- Out of consideration for the likely proportionate benefit provided by the medical treatment. The idea here is that it may not be a fair, efficient use of medical resources to expend considerable medical energy only to effect very slight medical benefit (e.g., the allocation of very considerable medical resources to prolong the life-expectancy of a terminally ill patient by a matter of weeks). This consideration will tend to favour those with better overall health, and therefore, indirectly, will tend to favour younger patients
- Out of consideration for how certain patients may have already greatly benefitted from medical help over the course of their lifetime, and how fairness now requires that others receive some benefit from medical services. Again, this consideration will tend to favour younger patients.
Dr Tom Finegan, PhD, is a lecturer in theology and religious studies at Mary Immaculate College, Limerick; Vice-Chair of the Board of Governors of the Anscombe Bioethics Centre, Oxford; a member of the Working Group (religious education) of the Council for Catechetics of the Irish Catholic Bishops’ Conference; and a member of the Bioethics Consultative Group of the Irish Catholic Bishops’ Conference.
Should those in charge get priority treatment in a pandemic?
By Dr Angelo Bottone
The authors propose four main values that can be useful when there is a shortage of resources. They are: 1. Maximize the benefits; 2. Treat people equally; 3. Promote and reward instrumental value; and 4. Give priority to the worst off.
I have already discussed three of them and now I will concentrate on “promote and reward instrumental value”.
We value things intrinsically, for their own sake, or instrumentally, for the sake of something else. For instance, a banknote has little intrinsic value, it is just a piece of paper, but when it is a legal tender it also has an instrumental value because it can be used to pay for something. We employ it instrumentally for something else, to carry out a particular function.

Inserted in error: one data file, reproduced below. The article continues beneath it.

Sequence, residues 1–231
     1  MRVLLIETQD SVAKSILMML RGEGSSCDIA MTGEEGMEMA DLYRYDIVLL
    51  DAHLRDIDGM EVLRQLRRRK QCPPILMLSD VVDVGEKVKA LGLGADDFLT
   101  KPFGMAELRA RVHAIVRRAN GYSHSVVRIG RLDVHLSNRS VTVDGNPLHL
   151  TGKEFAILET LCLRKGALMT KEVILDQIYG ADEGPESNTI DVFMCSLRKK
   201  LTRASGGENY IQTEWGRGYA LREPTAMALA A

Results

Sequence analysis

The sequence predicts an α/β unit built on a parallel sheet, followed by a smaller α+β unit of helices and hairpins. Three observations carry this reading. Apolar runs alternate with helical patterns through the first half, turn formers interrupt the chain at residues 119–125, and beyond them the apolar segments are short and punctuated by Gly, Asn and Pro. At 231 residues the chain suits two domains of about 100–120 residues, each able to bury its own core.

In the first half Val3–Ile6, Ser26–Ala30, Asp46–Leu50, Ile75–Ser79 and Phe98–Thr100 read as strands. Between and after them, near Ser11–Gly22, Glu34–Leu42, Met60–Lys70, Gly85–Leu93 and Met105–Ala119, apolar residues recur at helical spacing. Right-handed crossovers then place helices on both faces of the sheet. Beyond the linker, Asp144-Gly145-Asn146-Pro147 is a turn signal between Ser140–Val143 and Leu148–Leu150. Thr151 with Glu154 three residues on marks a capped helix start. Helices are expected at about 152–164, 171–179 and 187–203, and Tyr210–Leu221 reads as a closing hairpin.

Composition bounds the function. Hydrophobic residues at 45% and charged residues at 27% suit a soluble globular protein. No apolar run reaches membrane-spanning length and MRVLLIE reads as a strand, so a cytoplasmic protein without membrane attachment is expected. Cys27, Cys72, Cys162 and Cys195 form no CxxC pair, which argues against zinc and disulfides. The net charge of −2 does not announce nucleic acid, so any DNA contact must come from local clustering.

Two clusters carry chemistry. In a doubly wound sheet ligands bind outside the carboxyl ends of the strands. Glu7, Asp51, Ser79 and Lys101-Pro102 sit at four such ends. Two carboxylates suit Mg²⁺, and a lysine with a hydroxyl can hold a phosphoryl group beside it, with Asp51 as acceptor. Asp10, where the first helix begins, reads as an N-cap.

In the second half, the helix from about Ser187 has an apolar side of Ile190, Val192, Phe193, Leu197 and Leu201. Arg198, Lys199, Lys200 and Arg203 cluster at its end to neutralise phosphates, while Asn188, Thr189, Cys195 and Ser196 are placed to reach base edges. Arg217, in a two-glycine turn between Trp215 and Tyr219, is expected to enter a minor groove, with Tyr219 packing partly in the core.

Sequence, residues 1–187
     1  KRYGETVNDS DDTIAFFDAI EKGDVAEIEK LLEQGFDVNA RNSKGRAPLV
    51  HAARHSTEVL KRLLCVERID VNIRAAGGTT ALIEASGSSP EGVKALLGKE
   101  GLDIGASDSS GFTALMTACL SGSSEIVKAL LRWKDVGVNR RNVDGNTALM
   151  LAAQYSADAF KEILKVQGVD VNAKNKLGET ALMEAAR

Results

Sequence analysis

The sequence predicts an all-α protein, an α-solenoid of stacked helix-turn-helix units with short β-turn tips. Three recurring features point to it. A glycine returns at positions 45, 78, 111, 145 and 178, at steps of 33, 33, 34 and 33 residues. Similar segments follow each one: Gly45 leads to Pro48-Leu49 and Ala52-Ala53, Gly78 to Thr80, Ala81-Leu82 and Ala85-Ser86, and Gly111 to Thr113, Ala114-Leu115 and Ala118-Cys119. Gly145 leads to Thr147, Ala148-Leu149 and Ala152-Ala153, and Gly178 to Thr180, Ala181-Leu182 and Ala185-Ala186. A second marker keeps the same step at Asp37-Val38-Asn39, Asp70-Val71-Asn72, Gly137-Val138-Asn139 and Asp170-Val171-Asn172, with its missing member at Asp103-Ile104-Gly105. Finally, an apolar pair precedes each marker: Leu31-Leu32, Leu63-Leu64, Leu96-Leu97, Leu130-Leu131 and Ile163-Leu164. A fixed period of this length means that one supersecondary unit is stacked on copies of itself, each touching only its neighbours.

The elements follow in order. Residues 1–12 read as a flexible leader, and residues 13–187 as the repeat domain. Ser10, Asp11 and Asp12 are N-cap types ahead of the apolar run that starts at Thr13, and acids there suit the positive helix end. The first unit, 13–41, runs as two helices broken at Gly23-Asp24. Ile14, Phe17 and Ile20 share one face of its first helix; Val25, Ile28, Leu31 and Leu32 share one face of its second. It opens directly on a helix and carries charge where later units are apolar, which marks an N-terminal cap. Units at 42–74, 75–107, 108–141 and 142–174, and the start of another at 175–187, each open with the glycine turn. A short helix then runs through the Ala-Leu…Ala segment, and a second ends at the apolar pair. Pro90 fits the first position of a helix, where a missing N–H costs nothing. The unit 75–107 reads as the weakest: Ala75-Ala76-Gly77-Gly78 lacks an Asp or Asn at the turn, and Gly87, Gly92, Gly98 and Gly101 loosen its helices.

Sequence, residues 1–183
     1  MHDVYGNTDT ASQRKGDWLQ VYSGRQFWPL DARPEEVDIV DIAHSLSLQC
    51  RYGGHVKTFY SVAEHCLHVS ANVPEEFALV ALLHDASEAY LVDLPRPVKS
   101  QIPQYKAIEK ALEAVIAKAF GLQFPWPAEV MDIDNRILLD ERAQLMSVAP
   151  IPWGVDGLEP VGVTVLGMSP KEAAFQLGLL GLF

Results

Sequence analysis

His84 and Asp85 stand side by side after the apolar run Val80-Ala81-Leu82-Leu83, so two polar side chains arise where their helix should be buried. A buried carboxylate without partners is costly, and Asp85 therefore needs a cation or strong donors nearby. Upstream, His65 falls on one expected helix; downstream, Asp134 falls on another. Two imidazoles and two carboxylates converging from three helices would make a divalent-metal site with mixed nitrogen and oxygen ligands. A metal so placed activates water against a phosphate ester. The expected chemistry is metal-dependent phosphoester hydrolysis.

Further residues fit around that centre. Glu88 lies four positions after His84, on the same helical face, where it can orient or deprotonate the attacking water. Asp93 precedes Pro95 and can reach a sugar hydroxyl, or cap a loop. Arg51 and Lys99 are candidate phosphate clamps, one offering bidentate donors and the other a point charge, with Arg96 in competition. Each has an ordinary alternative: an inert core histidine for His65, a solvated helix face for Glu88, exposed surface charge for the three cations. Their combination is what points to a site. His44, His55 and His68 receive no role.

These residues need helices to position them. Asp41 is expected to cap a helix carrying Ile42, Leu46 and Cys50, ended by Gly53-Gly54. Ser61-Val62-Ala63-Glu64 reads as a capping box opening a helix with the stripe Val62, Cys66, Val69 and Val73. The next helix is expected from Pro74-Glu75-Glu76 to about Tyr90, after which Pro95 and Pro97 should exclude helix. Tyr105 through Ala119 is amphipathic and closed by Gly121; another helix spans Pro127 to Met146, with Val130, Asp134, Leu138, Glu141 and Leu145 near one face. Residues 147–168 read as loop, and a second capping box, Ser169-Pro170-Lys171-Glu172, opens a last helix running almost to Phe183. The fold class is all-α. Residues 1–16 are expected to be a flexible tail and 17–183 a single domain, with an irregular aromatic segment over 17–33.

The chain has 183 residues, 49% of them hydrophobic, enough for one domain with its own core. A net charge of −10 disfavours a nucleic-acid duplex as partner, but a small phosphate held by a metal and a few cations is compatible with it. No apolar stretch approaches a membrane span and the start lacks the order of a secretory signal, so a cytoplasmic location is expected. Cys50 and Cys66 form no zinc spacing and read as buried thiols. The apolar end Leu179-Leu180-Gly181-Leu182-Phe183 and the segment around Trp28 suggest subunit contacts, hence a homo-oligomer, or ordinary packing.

Similarly, we can value human beings for what they are, in themselves, or for what they do, instrumentally. If I need a plumber, for instance, I will choose the one that suits me best. I treat him as an instrument for my purposes (do the job being paid for) and there is nothing wrong with it as this is the nature of a commercial transaction.
But when we need to evaluate who has priority in accessing medical resources, should we treat patients for their intrinsic value, simply as members of the human family, or also for some instrumental value, such as their utility to society?
In normal circumstances, we treat them according to their needs. Their past or their future, their role in society, their usefulness should not matter.
We give should give the opportunity to access the same treatment to an important doctor and to someone who has injured himself behaving recklessly, or to someone who is in prison. We value patients not from the point of view of society, but intrinsically, for what they are and not according to their history because even the worst human being deserves care.